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review 2018-09-10 20:20
Halloween Bingo 2018 - Modern Masters of Horror
Slade House: A Novel - David Mitchell

'Slade House' by David Mitchell

 

I've been keeping my eye on this one for a long time, it had an intriguing premise, but I was not expecting what this book delivered. I thought this book would be a more traditional haunted house story mashed with the party game 'Sardines'. This was pretty cool, though.

 

Slade House is revealed through chronological point-of-views from various victims starting the the late 1970s and continuing to the present day. Every nine years the back garden door to Slade House appears in an alley and a new guest is lured in. The nature of the house, the 'magic' involved, the deconstructed fairy-tale elements, and the villains were great.

 

Mitchell does a good job of keeping his various character's voices distinct. With each perspective more of the history of the house is revealed, too. I learned in the afterword that 'Slade House' was originally released in a series of tweets, the pace of the story dictated by the author in a unique way.

 

The book suffers a little from repetition, but is genuinely creepy. You feel for these characters and it was hard for me to put the book down and return to the real world. Also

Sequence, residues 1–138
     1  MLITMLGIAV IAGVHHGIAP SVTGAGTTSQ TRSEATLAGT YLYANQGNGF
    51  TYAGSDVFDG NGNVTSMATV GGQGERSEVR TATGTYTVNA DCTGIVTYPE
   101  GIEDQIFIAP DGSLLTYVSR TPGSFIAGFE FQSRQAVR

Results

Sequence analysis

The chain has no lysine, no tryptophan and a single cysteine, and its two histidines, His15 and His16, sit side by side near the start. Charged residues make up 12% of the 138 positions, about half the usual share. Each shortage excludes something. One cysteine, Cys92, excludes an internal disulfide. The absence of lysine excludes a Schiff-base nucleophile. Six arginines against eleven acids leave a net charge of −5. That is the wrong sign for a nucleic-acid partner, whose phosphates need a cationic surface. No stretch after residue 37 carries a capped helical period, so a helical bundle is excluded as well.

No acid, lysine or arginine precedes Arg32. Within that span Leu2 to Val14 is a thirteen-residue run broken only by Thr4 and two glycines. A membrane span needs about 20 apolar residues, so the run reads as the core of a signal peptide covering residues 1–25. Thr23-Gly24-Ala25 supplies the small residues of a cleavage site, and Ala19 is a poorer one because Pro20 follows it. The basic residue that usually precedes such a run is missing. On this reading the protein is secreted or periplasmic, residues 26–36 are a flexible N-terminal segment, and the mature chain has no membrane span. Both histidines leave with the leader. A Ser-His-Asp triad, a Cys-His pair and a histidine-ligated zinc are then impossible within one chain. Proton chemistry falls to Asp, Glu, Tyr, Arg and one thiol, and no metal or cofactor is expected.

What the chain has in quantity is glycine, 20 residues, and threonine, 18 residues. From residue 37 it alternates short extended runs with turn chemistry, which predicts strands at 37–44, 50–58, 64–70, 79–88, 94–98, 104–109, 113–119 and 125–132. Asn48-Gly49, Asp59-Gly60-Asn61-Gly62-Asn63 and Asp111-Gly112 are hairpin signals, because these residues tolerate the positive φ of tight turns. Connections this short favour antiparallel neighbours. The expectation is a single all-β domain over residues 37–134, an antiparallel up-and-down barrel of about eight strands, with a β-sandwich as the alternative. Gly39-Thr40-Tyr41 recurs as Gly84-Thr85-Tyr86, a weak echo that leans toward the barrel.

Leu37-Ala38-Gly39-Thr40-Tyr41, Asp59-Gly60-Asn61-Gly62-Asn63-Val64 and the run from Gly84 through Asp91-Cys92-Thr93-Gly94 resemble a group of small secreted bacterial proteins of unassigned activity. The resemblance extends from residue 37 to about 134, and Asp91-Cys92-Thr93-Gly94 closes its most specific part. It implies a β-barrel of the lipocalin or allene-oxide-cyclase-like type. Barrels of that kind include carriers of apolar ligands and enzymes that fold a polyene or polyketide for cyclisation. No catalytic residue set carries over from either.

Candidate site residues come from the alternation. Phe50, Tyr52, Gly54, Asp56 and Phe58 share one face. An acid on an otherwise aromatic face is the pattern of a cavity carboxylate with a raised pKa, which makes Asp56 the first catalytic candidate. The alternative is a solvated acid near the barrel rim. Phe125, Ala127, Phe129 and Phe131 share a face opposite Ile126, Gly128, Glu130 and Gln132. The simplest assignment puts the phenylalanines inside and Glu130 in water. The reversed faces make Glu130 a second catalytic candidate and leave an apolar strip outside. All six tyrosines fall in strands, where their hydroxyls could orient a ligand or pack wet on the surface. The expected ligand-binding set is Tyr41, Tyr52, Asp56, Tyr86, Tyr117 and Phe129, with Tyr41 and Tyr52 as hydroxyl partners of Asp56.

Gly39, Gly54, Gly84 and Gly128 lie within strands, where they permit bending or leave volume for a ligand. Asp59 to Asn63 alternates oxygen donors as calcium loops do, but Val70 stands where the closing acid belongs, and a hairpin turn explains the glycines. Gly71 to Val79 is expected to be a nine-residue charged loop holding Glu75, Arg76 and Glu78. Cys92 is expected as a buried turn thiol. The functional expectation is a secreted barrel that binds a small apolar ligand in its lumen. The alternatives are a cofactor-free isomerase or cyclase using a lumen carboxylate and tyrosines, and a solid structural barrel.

is there a sequel coming?! It works as is, but come ON.

(spoiler show)

 

I haven't read anything else from Mitchell, but I'd be willing to try them out.

 

 

I could have argued this into a few other categories, but I have some things in mind for those more specific boxes.

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review 2018-09-10 19:55
Halloween Bingo 2018 - Cryptozoologist
Oblivion Song - Robert Kirkman,Lorenzo De Felici

'Oblivion Song, Chapter 1' by Robert Kirkman and Lorenzo De Felici

 

I don't know why I chose the shortest possible book for my Bingo pre-read, but there you go.

 

'Oblivion Song' is a new comic series by Robert Kirkman ('Walking Dead') that puts us in Philadelphia ten years after an unexplained phenomena wiped out a huge portion of the city, replacing it with horrific monsters and alien vegetation. 300,000 people vanished with the land. The monsters were defeated and the plants died, leaving a barren wasteland that the government built a wall around as a precaution.

 

It was soon discovered that the 300,000 were not dead, they were somewhere else. A scientist, driven by the loss of his brother, figured out the frequency to go to that other place and endeavored to bring back as many people as he could find. The government supported him and his team, but after many years, have shut down the program. Nathan Cole refuses to give up on his brother, making solo expeditions to Oblivion, avoiding the deadly creatures and rescuing those he finds.

 

The art is vivid, and the story hooked me right in. This is a promising start to a great series.

 

Oblivion Song

 

Next: ?

 

 

While 'Oblivion Song' hasn't gotten into the biology of the creatures of the zone, Nathan Cole expresses compassion for them, even objecting to their being killed out of hand. The alien landscape and its native inhabitants is an essential part of the series.

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review 2018-08-13 05:47
The Hazel Wood by Melissa Albert
The Hazel Wood - Melissa Albert

A dark-tinged fantasy reminiscent of Neil Gaiman, the bleaker stories of Diana Wynne Jones, and John Connelly. I'm going to read that every time, but even better, this one is good, too!